So the government will surely want to avoid giving the impression that it will cave in to “green” challenges, if this risks slowing down or stopping infrastructure projects closer to the government’s heart. It will want to show that it can do it more infrastructure, building, transport links, roads, railways, hospitals etc and still achieve its climate change targets. Expect a revised ANPS in due course. 

How easy will it be in practice to build, build, build and still reduce carbon emissions? Technical ingenuity can achieve much. But it is not a panacea. Or not yet anyway. The Climate Change Act 2008, as amended in 2019, is vaulting in ambition but vague with the details. It provides a very large stick with which to beat incompetent Ministers with, a high bar for the government’s lawyers to meet to make a government decision challenge-proof but few practical steps to achieve its goals. It does not set out any way of assessing how to measure the costs of this necessary development here versus those carbon reductions over there. Nor does it make clear whether a project can be assessed on its own merits or has to take into account externalities (the “green” terminal becomes less green if all those extra journeys are added back in). It is the equivalent of a New Year’s resolution to “get fit” turned into a legally binding contract with penalties, but without a plan for how or when.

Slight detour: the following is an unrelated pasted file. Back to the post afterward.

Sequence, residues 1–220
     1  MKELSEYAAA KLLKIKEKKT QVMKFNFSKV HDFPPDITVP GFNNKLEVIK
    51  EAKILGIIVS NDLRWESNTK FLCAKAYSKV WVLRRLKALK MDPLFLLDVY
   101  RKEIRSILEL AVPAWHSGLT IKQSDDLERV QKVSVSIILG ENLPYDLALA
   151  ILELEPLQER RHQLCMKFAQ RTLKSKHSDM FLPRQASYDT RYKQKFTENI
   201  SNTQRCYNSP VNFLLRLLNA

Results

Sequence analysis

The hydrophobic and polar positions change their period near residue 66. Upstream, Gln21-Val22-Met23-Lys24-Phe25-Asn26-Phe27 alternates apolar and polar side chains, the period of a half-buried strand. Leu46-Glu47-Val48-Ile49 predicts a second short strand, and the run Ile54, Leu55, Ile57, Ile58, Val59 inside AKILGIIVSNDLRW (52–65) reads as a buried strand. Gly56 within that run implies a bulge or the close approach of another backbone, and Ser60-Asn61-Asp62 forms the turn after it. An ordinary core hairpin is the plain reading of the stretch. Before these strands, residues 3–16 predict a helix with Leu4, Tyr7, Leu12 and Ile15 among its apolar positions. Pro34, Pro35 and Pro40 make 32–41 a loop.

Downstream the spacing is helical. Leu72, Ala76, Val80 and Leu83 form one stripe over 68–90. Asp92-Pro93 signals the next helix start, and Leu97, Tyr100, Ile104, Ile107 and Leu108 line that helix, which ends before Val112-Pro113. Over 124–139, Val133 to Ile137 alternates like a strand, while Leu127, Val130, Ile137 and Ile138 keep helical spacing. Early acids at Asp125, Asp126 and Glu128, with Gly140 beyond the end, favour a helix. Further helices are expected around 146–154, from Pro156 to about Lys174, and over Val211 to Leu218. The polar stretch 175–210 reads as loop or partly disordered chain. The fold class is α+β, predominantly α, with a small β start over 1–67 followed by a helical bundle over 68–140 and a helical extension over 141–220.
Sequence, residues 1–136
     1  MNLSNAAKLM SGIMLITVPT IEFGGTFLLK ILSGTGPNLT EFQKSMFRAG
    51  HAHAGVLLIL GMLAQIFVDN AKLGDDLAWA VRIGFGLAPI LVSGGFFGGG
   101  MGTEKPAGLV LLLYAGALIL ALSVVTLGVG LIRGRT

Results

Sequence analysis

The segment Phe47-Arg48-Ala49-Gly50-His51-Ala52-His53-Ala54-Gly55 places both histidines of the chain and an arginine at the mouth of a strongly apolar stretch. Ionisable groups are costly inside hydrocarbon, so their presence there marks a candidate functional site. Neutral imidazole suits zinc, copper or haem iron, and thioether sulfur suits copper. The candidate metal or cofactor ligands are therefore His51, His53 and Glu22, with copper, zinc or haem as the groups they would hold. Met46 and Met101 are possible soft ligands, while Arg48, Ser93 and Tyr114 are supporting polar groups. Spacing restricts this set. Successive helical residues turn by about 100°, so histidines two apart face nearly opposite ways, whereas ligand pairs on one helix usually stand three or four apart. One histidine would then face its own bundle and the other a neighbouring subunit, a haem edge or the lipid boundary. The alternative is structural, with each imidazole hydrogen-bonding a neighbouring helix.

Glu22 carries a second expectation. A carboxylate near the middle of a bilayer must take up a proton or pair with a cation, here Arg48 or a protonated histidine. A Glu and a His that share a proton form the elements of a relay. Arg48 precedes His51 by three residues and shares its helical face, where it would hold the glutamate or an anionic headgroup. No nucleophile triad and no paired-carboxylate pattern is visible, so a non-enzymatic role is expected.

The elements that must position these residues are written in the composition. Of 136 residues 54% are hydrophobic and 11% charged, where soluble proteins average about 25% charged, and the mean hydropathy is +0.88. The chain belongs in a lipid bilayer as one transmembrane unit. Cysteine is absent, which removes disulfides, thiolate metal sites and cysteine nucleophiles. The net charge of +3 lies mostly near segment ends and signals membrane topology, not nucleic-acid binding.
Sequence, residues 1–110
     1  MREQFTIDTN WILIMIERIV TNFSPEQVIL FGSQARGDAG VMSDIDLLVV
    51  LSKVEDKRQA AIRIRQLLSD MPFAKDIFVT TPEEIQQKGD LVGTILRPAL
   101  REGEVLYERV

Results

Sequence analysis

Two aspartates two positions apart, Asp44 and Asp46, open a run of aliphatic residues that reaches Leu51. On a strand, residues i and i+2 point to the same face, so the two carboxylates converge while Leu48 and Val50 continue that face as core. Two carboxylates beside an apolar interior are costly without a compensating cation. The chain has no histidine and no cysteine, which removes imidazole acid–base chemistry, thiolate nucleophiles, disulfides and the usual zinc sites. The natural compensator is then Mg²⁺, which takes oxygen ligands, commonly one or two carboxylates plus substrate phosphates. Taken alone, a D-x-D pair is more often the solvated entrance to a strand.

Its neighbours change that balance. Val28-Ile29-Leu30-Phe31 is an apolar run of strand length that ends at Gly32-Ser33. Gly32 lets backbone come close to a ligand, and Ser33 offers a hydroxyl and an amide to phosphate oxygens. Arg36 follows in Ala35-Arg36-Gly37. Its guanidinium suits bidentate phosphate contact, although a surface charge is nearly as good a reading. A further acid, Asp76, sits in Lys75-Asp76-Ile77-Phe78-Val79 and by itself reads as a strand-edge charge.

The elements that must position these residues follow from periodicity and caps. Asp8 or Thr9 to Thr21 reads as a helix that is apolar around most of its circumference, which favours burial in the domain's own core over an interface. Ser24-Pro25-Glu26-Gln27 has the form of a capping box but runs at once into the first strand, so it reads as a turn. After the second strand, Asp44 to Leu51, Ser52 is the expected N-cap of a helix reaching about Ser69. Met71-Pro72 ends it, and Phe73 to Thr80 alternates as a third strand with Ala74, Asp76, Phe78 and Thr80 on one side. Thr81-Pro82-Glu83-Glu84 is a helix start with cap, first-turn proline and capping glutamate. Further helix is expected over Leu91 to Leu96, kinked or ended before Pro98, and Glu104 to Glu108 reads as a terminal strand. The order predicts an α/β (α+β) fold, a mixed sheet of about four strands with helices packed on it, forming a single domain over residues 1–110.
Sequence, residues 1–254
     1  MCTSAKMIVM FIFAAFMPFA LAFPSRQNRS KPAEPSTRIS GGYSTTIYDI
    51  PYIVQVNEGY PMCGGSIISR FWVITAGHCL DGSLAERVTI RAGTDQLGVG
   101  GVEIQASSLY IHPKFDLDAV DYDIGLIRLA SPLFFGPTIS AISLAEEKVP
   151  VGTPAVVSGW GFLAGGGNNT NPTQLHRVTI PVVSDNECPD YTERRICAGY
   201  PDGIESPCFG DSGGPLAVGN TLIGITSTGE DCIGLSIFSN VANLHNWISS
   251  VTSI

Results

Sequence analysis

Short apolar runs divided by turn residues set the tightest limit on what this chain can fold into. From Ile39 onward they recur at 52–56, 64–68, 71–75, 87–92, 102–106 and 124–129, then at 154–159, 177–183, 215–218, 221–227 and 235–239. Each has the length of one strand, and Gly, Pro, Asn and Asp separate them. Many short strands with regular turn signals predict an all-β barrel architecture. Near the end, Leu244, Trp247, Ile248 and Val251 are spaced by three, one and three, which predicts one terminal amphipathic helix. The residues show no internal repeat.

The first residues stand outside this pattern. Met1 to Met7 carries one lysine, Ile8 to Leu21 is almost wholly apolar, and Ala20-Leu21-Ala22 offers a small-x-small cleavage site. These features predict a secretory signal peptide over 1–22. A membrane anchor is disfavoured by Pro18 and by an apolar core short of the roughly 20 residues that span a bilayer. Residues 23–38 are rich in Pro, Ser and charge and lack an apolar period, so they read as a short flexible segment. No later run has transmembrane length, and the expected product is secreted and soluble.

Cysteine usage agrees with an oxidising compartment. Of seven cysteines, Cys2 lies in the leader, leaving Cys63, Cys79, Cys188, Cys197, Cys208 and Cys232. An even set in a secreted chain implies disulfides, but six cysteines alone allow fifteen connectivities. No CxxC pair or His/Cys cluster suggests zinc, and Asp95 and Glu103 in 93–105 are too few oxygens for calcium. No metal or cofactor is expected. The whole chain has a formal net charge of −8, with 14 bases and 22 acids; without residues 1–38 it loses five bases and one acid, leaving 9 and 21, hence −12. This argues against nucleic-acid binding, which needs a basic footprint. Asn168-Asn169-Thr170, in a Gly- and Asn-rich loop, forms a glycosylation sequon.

This is where individual detailed national policies matter, where the trade-offs between this road or that necessary hospital and the associated carbon emissions/reductions/costs come sharply into focus. This is where the politicians’ desire to make much admired gestures on the world stage come up against voters’ wish for practical improvements to their lives. The government may well be able to reconcile both. But if it can’t, might it sacrifice the vaulting ambition?  Might it seek to modify the Climate Change Act to give itself more room for manoeuvre to achieve what it believes its voters will care about in 4 years time?

Cyclefree



h1

Labour must get over its myth of 2017 if it is to win again

Saturday, February 29th, 2020

A well-timed aberration is still an aberration